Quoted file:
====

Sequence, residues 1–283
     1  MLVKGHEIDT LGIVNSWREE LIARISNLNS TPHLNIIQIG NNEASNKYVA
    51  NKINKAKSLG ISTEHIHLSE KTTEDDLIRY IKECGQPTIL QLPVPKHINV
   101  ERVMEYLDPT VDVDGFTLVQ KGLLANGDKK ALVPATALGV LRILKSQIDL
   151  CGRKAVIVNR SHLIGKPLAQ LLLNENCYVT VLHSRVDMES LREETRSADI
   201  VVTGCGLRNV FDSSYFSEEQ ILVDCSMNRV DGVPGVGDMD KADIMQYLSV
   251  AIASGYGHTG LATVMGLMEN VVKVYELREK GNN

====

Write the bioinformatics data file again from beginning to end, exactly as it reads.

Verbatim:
Sequence, residues 1–283
     1  MLVKGHEIDT LGIVNSWREE LIARISNLNS TPHLNIIQIG NNEASNKYVA
    51  NKINKAKSLG ISTEHIHLSE KTTEDDLIRY IKECGQPTIL QLPVPKHINV
   101  ERVMEYLDPT VDVDGFTLVQ KGLLANGDKK ALVPATALGV LRILKSQIDL
   151  CGRKAVIVNR SHLIGKPLAQ LLLNENCYVT VLHSRVDMES LREETRSADI
   201  VVTGCGLRNV FDSSYFSEEQ ILVDCSMNRV DGVPGVGDMD KADIMQYLSV
   251  AIASGYGHTG LATVMGLMEN VVKVYELREK GNN